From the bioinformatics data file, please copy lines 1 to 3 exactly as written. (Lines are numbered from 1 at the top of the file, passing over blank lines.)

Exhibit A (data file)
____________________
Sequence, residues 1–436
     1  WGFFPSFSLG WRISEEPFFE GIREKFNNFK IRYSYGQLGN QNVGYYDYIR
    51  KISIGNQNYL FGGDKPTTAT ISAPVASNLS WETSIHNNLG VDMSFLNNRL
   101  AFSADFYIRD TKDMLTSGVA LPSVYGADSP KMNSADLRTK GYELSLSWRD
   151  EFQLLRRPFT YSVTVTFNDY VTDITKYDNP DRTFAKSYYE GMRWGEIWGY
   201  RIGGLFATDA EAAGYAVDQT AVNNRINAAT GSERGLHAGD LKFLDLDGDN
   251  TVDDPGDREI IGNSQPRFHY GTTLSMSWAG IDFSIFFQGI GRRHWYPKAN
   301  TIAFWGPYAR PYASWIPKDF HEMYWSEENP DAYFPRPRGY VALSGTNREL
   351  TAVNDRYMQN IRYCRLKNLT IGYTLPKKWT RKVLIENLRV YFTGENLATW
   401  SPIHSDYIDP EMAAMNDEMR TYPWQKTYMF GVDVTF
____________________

Sequence, residues 1–436
     1  WGFFPSFSLG WRISEEPFFE GIREKFNNFK IRYSYGQLGN QNVGYYDYIR
    51  KISIGNQNYL FGGDKPTTAT ISAPVASNLS WETSIHNNLG VDMSFLNNRL